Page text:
So, you are in the prime of your career. You are 44 years old and have been in trouble twice in the past 2 decades. Only, you can’t drive. You can’t make it to work, because we live in upstate New York and the NYC MTA has yet to grace us with the presence of a subway or a decent bus system. Now you don’t work. So you made 2 bad decisions and fought the man once in 25 years, and you now have to be introduced to the welfare rolls.

Don’t get me wrong, I do not support drinking and driving. In fact, I support complete abstinence when operating a motor vehicle. Alcohol kills people when they drink and drive. However, I do not necessarily agree with draconian penalties that were not passed as laws, but rather were rules directed by the Department of Motor Vehicles at the behest of our governor. What is brutal is that I have clients who cannot even get to alcohol treatment because the sheer power that the DMV (read: Governor) exerts over the driving privileges in New York.

So what happens if you have 5 alcohol related events in 25 year? That’s a permanent denial of your license application in New York. Honestly, I don’t know how I feel about this one. On one end, part of me believes that if you made an alcohol related mistake on average once every five years, then you should be comfortable not driving. The other part of me says, if your government wants this rule, then let them pass it through the legislature and vote on it. This is a democracy, right? No, New York has not been a democracy in a long time.

To close, I want to share with you what I consider the worst case scenario when it comes to the 3 in 25 rule. I know a guy who took a DWAI when he was 16 years old and it was 14 years before these regulations were ever dreamed up by our State’s commander-in-chief. Had he pleaded guilty to DWI as he was charged and had the case sealed as a youthful offender adjudication, by law it would not have counted against his 3 in 25 because it would have been an adjudication and not a conviction. Instead, his attorney probably did the right thing since they didn’t know what was coming down the pike in a decade and a half and got the charge reduced to a violation. In any event, he had some issues with alcohol in his 30’s and ended up with 2 DWI convictions within 4 years. Had those 2 DWI convictions stood on their own, he would have his license right now. He’s done everything the State and his doctor has asked of him. He went to rehab, quit drinking, got healthy. He’s got a child, bills, and every other adult responsibility. What he doesn’t have is a job. Doesn’t matter that he’s been clean for 4 years, no employer will keep him on because he doesn’t have reliable transportation. In New York City, where all of these “regulations” are thought up by the governor’s dream team, you can get by without a license. Upstate, the long forgotten appendage of New York State, you may as well use your last few dollars to take a taxi to the welfare office.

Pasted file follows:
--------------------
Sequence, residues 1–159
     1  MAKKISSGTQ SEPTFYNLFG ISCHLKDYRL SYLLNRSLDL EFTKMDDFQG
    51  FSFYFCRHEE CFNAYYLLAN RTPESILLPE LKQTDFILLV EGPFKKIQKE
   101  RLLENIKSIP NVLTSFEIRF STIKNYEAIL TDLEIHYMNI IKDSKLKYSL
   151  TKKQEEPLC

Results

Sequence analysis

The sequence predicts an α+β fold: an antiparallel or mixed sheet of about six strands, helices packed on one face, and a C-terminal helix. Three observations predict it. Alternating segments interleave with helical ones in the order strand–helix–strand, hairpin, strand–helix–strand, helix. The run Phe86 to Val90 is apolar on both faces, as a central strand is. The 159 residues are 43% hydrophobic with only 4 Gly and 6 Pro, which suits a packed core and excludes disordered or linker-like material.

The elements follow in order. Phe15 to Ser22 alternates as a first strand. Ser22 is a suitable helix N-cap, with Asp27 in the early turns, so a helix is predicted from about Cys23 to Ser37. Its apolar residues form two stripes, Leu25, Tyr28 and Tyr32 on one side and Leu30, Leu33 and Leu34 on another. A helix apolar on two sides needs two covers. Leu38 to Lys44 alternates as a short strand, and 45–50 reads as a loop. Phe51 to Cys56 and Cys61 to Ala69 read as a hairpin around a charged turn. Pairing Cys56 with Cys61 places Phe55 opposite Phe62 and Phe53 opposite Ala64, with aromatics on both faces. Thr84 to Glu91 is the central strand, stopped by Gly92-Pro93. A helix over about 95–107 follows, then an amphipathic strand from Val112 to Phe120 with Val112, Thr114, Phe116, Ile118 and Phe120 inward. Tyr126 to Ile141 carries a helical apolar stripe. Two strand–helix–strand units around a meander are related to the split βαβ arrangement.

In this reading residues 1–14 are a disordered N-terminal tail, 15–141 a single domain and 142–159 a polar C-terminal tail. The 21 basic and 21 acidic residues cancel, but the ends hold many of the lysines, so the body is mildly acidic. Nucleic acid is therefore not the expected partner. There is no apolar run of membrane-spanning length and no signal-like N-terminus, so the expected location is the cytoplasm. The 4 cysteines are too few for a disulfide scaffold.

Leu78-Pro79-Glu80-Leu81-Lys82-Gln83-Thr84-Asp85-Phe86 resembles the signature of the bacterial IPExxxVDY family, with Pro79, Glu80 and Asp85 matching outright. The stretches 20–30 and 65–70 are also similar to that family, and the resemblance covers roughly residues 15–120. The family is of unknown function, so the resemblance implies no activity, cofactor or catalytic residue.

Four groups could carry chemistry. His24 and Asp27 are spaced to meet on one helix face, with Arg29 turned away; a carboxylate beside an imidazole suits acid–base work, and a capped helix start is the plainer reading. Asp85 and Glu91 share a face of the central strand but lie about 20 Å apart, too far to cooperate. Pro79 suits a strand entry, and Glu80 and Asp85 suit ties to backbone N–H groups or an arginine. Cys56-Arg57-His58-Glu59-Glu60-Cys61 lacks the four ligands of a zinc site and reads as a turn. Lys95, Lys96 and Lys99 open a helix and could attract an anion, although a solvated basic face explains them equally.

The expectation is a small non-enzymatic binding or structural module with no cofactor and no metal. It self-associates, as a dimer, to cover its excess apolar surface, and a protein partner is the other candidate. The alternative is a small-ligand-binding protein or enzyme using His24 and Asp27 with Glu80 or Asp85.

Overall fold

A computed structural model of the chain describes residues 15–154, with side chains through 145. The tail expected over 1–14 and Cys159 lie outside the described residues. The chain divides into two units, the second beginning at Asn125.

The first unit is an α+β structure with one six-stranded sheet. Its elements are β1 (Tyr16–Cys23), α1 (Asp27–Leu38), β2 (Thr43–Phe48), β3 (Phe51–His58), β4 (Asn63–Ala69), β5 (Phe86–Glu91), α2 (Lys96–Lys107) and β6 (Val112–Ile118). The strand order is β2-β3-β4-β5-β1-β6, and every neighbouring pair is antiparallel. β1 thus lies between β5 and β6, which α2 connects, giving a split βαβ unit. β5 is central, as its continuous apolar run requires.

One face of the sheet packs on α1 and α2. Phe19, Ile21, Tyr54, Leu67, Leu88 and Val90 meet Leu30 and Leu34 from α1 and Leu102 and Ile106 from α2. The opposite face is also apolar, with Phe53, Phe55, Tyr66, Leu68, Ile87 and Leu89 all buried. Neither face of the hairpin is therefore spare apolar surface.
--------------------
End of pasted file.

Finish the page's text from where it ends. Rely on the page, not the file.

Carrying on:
As always, my blogs are for discussion purposes only and are not intended to be legal advice for any specific person. However, if you find yourself charged with a DWI, please realize that the consequences may reach much further than the edges of the courtroom. If you are charged, please feel welcome to call the Kokosa Law Firm, P.C. at (518) 907-4694. If it is after hours or the weekend, we try to answer calls24 hours a day. You are always welcome to call me or text me at (518) 466-3062 as well.